— The first day of the war began when I was awakened by explosions and planes. I got dressed immediately, left the house, called a taxi, and miraculously the only taxi driver who worked in the city at that time came to me. Because, according to him, he had no cash at all that morning. So he worked that morning just to earn some money. But he said that he only had five litres of petrol in his tank, so he had barely no petrol, and that he was going to drive me to the place I needed, but then he didn’t know how he would get back. And as we drove across the city — on my way to work, because I had to pick up my car there — we saw huge queues at ATMs. It was already seven in the morning, and we heard the first attacks at about five. At seven in the morning there were already huge queues at petrol stations, at ATMs... So he drove me, I picked up my car, drove again, turned off the power at work, in the office and in the building. I took a can of petrol, or rather for petrol, and drove to the city to buy some petrol and groceries. There was no problem to buy groceries, I bought everything I needed, but it took me several hours to get petrol. I got home, went down to the bomb shelter, which was situated right in the apartment house where I live, and examined its condition. In fact, it was suitable for people just to go down there, but not for the whole amount of people who lived in our appartment block — and that means five appartment houses, and plus people from other neighbouring appartment houses were coming in, asking if they could hide here. Geographically, the houses from which people came also related to our shelter. I realised that so many people would definitely not be able to be housed there. And having waited for the information that the occupying forces had passed... and were approaching Kherson — we just packed and left.

— Did you have a clear destination or was it decided somehow on the way? And how long did the road take in total, were there any traffic jams, queues?

— We left Mykolaiev at six in the evening, we planned to drive to Poland. We left with the hope of stopping somewhere along the way, spending the night at some place and then driving on. But when we reached the Kyiv highway — about 250 kilometres from Mykolaiev — we saw the traffic coming towards Western Ukraine. It was like people fleeing a... I don’t know... a tornado, I guess. You know, like they show in American news. There were endless streams of cars rushing at great speed, it was such a scary scene. And there was no way to fill up the car properly, there were long queues at petrol stations. By ten o’clock in the morning we arrived to Vinnitsa Region, it was hard to keep driving — we spent the whole night on the road. So we stayed at our friends’ house in Khmelnik, we rested for several hours and then we realized that they (government) had imposed exit restrictions, so I couldn’t leave the country. We drove then to other relatives in Berdychiv, Zhytomyr Region. We stayed there for seven days, there was no hostilities, nothing exploded, but alerts were heard several times a day. Upon seven days, we decided to go abroad. I decided to transfer my family and then stay in Ukraine all alone. We moved to Lviv, stayed overnight at a friend’s house, and the next day — during the day — they (family) crossed the border. My family — my wife and two our children. Then my friend took them to Wroclaw. He came to pick them up... And that’s how it was.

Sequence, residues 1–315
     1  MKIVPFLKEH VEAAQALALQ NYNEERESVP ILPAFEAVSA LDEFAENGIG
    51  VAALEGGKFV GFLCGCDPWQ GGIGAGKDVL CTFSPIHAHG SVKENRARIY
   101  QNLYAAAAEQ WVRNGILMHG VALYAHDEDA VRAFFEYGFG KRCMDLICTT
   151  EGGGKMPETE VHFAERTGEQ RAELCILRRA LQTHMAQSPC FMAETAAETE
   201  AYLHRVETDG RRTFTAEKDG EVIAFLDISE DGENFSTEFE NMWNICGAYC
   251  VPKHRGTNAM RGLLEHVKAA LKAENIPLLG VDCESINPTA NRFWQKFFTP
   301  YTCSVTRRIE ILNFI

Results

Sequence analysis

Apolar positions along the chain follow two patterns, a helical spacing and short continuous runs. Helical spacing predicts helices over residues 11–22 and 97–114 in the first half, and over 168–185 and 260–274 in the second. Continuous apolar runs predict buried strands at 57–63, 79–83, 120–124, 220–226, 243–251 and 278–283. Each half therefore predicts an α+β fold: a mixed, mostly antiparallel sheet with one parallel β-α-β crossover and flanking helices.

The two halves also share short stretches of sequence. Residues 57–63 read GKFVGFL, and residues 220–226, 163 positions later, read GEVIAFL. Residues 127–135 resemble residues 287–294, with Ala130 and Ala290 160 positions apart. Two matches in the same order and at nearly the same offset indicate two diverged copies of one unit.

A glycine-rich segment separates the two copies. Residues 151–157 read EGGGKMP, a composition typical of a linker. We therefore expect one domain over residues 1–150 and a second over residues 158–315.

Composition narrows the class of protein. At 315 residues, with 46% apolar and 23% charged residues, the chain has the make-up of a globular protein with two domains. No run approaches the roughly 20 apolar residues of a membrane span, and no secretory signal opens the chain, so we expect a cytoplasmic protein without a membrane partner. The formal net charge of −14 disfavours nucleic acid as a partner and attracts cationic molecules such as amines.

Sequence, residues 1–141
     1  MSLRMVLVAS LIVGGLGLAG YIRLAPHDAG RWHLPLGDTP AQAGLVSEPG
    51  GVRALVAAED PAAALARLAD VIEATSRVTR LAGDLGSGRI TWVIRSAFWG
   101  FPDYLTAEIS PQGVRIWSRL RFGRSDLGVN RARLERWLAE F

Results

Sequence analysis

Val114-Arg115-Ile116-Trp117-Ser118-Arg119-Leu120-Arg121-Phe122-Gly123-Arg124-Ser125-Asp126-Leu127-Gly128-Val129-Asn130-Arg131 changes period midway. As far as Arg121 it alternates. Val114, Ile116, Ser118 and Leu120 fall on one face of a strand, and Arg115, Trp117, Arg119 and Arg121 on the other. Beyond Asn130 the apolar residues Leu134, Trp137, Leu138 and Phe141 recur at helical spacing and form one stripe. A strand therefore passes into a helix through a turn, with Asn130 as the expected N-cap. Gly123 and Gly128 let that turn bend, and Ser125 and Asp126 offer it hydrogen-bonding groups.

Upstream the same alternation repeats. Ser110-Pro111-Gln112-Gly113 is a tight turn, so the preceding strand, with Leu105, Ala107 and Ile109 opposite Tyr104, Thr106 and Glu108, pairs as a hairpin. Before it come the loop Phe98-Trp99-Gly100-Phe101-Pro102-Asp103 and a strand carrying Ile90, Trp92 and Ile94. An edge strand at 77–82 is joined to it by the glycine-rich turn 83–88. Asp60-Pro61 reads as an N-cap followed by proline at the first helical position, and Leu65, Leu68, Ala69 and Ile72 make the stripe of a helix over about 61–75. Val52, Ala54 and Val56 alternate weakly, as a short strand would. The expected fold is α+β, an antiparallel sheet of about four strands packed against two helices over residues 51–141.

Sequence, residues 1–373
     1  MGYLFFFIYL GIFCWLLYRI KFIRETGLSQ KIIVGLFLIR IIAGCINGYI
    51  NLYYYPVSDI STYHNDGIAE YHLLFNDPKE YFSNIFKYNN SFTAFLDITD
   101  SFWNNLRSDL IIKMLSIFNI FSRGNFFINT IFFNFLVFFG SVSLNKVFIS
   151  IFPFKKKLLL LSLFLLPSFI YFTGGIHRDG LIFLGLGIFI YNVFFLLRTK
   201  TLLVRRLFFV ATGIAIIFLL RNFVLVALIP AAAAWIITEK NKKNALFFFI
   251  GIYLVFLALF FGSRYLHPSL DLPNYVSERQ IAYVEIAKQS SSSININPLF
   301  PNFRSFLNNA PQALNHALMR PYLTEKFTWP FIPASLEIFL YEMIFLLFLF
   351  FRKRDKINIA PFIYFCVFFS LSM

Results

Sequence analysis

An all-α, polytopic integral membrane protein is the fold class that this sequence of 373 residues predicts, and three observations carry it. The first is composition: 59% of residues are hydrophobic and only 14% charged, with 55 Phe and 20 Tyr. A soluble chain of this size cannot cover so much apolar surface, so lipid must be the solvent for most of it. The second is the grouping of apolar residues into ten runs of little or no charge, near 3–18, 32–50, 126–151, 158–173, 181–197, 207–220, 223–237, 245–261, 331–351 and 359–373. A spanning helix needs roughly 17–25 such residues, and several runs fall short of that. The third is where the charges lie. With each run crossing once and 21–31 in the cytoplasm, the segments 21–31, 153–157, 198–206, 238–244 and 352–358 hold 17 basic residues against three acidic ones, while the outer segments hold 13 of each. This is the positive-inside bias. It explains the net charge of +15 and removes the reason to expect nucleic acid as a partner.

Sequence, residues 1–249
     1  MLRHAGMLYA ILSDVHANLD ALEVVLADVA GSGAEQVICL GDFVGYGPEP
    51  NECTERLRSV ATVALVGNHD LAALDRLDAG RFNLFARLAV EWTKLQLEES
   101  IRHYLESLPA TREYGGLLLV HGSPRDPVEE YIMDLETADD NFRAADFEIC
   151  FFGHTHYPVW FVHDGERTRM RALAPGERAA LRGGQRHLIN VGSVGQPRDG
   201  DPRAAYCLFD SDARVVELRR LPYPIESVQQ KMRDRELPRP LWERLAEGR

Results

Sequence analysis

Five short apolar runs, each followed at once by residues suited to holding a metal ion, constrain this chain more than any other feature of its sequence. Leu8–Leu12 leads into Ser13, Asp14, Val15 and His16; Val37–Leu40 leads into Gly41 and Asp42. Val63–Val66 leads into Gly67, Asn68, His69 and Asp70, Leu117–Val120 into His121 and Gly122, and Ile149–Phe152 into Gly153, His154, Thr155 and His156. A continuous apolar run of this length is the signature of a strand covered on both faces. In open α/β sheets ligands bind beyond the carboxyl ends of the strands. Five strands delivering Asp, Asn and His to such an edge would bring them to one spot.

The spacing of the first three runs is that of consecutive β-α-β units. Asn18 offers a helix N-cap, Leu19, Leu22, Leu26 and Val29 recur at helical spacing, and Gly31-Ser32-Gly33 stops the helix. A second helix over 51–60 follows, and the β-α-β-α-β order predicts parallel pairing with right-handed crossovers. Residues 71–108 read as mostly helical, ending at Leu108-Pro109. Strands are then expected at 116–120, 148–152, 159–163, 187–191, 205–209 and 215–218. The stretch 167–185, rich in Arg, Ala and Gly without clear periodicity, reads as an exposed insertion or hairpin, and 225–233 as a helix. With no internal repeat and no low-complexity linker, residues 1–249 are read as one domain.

— Have you heard anything about so called “exit tariffs” (bribes for permission to leave the country) for Ukrainian men? Because since first days of war I received information from different sources... First it was 500 Euro, then two thousand, three, five...

— I have only heard such information once, and not directly, that it was possible to leave at the Moldovan border for three thousand dollars. But I haven’t heard anything else from anyone else, and no one of my acquaintances, who are not entitled to leave, has done so.

— Did your wife and children go to Poland and your parents stay with you?